When it comes to maintaining a healthy home, homeowners can do about 50 percent, or half, of those needed project themselves. That’s good news for the handy types among us. Tools and materials are a do-it-yourselfer’s idea of fun. Add a bit of common sense, make a plan, top with a sense of adventure, and you’ve got a do-able weekend project.
The other 50 percent of home maintenance projects are the problem. Many require a grounding in the sciences and sometimes, engineering. Without that knowledge, a do-it-yourself (DIY) project can go terribly wrong.
Let’s take my friend, Jim. He’s gone to great lengths to vent a crawlspace as much as possible from outside air. He’s handy, well-intentioned. He’s considered the problem, come up with a solution to exhaust the air and reduce humidity. However, he’s unaware of the adverse effects his do-it-yourself fix is having on his home and its healthiness.
Let’s take a look at this disaster.
Jim’s goal was to blow moisture out from the crawl space, a worthy intention.
First, he installs exhaust fans in several of the foundation vents. Next, a screen is placed in a closed access hatch and the door is left open. At times, a large fan is positioned here to blow outside air into the crawlspace.
Here we find the first flaw in Jim’s plan. Plenty of moisture is found in the warm, humid summer outside air here in Appalachia. What happens when you dump warm, humid air into a space where air and objects are well below the dew point? You’ve created a sure fire way to keep the crawlspace as humid as it possibly could be.
After all that money and labor, imagine Jim’s surprise when he measures the results of that DIY project. The crawl space humidity measures a whopping 85-95 percent.
The situation gets worse. This humidity condenses onto the fibers of the fiberglass floor installation. The insulation, in turn, becomes soaking wet. When insulation is wetted, it fails to insulate. But energy conservation is the least of his worries.
The insulation also falls to the ground below under the weight of the water that the insulation has absorbed. Fiberglass is not his friend. Jim looks up and sees that the insulation, acted like a wet sponge. Nestled against the wooden floor joists, the moisture has compromised the wooden floor joists. As the joists rot, mushrooms literally grow out of the woodwork.
By the time Jim calls me, there’s so much water in the crawl space that water is dripping down the ducts, forming puddles.
What every Appalachian homeowner should know is that if their home has an air conditioning system with ductwork in the crawl space, then humidity will condense on the outside of the supply air ducts – similar to the water droplets that form on the outside of a glass of cold lemonade on a hot day.
The air ducts probably have a temperature of about 60 degrees Fahrenheit, which is below the outside dew point that day of 70.
Let’s follow the chain of events to see what else I found.
My old friend the camelback cricket loves moist places. A whole extended family of these critters are thriving in the crawl space, dropping feces pellets all over the plastic that covers the soil surface. A quick glance suggests they’ve thrown an insect fraternity party.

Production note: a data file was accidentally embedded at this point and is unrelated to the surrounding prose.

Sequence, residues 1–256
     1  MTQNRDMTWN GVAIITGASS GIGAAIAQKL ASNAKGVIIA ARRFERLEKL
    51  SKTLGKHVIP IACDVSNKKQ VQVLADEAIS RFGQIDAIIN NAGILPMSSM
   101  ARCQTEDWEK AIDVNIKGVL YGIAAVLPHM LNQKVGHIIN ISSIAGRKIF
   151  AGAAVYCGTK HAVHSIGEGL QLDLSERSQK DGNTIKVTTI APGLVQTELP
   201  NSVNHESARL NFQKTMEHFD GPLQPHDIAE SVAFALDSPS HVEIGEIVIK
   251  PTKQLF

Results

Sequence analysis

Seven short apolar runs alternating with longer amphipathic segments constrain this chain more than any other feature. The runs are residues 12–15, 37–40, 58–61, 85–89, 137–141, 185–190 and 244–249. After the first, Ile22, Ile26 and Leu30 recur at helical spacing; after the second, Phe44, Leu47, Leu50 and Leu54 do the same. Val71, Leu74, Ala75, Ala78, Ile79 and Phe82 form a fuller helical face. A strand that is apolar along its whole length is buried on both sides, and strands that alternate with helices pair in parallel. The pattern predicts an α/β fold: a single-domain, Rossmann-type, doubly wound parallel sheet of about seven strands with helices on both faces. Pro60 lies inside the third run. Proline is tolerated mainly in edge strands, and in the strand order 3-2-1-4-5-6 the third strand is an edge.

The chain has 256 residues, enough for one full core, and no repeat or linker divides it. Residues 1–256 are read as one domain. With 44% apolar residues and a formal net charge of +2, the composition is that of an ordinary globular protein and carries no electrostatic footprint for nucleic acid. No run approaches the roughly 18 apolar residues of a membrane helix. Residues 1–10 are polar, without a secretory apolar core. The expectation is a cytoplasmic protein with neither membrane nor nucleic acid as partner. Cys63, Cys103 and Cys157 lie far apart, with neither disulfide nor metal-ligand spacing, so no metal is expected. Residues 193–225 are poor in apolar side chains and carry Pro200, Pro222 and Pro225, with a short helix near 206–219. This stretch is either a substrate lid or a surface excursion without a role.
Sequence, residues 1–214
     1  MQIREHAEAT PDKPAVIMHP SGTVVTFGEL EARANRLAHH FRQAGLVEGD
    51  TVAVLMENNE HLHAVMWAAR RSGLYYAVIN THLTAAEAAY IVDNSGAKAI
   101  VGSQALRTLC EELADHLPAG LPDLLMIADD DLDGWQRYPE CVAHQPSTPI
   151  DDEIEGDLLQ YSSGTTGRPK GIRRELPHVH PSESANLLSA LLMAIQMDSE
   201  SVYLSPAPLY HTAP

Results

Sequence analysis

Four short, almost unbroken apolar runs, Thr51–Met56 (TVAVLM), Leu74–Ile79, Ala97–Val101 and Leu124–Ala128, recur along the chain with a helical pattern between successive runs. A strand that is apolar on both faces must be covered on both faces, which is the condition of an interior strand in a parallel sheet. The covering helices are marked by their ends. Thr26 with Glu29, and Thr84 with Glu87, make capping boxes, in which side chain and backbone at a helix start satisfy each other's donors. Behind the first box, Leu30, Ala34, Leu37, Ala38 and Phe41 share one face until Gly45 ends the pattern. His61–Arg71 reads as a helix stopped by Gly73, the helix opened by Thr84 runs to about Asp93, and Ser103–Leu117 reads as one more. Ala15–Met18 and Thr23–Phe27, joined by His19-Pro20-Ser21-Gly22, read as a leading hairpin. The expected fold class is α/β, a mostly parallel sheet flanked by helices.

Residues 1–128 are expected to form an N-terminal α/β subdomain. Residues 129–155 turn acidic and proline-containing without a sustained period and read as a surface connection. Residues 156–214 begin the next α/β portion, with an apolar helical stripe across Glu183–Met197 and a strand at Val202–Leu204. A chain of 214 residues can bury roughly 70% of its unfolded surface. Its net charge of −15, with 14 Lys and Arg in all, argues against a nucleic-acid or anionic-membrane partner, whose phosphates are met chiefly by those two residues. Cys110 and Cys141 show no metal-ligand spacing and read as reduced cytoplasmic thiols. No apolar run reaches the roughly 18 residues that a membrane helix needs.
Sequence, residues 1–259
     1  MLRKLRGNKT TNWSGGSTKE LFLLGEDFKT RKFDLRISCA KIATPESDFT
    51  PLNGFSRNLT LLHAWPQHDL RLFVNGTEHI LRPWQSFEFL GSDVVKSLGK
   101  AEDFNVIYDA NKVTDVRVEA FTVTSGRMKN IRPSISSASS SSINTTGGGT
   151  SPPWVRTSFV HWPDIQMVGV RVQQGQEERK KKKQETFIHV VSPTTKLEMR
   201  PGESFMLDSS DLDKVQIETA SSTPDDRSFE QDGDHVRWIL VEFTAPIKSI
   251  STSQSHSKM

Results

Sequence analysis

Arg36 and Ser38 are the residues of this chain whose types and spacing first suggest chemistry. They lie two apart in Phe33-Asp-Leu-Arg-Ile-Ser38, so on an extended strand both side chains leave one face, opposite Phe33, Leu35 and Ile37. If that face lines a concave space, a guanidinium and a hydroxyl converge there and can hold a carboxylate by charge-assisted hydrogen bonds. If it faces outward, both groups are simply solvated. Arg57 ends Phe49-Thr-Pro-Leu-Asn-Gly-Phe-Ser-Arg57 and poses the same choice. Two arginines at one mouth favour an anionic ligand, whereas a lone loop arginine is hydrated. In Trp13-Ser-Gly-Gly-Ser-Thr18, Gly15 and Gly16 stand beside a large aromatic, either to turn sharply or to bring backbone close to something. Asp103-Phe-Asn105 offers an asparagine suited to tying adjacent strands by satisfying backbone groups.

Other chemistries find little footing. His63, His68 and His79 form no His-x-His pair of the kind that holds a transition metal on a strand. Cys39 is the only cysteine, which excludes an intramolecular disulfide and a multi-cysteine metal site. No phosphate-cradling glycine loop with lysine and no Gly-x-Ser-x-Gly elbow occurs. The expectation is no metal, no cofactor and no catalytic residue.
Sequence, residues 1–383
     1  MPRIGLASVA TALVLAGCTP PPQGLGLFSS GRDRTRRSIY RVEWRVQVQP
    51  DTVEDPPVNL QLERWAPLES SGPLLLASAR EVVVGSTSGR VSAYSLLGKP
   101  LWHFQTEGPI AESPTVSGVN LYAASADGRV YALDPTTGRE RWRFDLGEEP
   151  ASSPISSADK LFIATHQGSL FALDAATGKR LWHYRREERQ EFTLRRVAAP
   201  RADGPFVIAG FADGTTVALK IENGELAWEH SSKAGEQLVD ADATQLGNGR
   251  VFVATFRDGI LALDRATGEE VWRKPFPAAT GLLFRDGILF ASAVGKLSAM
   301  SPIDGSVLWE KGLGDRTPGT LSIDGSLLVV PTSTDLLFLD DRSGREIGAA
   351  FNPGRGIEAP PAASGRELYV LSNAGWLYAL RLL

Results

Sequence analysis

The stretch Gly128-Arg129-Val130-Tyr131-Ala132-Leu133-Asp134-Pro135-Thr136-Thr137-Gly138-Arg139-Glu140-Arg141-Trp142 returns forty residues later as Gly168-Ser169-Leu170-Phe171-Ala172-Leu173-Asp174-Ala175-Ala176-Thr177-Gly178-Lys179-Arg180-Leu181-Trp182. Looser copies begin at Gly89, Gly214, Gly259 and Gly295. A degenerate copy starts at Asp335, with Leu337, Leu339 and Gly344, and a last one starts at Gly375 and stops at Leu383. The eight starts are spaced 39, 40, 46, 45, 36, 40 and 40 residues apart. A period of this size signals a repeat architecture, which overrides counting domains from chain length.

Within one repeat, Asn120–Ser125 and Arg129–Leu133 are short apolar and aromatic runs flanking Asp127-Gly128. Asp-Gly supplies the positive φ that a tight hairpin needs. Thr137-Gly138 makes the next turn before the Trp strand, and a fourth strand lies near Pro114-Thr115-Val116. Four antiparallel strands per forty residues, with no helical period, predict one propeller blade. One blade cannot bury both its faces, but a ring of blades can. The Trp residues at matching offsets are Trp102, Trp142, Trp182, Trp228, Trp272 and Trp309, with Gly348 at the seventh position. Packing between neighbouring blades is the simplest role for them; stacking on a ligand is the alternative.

Steeping in the pools of water, I see cricket skins, other dead insects, rodent feces and urine, dead rodents, pollen that blew in from outside, and construction debris of wood, cardboard, and paper.
Organic “soup” is foul, but bacteria love it. Bacterial scum pools of tan, orange, red, green, white and brown have begun to develop. If that’s not enough, molds now flourish on the surfaces above. The wooden floor joists are covered with forests of green, white, yellow, brown, and black colored molds.
This latter problem was the very thing that Jim was looking to prevent by doing this project in the first place.
Taking a look at the furnace and air handler came next. Metal cabinets, motors, and electronic circuitry crumble as they rust under the high conditions. The unit is still functional, but its lifetime of usage will likely be reduced.
Meanwhile, Jim’s wife mentioned that the hardwood floors were starting to cup and warp in places upstairs. The floor joists weren’t the only thing affected by all that humidity. Her allergies were also acting up, and she felt tired even after a full night’s sleep.
Interior bacterium, mold, and dust mites thrive when flooring or carpeting is a bit damp. Those wet joists were right below the bedrooms, where we need the air we breathe to be the cleanest.
This unfortunate series of unintended, adverse consequences resulted from simply venting the crawl space. I only wish Jim had reached out to me to talk through his original plan before he started.
Now, we’re implementing a new plan to straighten out this mess.
Do you know a “Jim?” A well-intentioned relative, neighbor, handyman, or service professional who thinks they have the right idea, but who really need a bit of guidance before they do more harm than good?
Please give him (or her) my number.
P.S. A Healthier Home now offers phone consultations for homeowners with questions like these. Ask for details or email me here.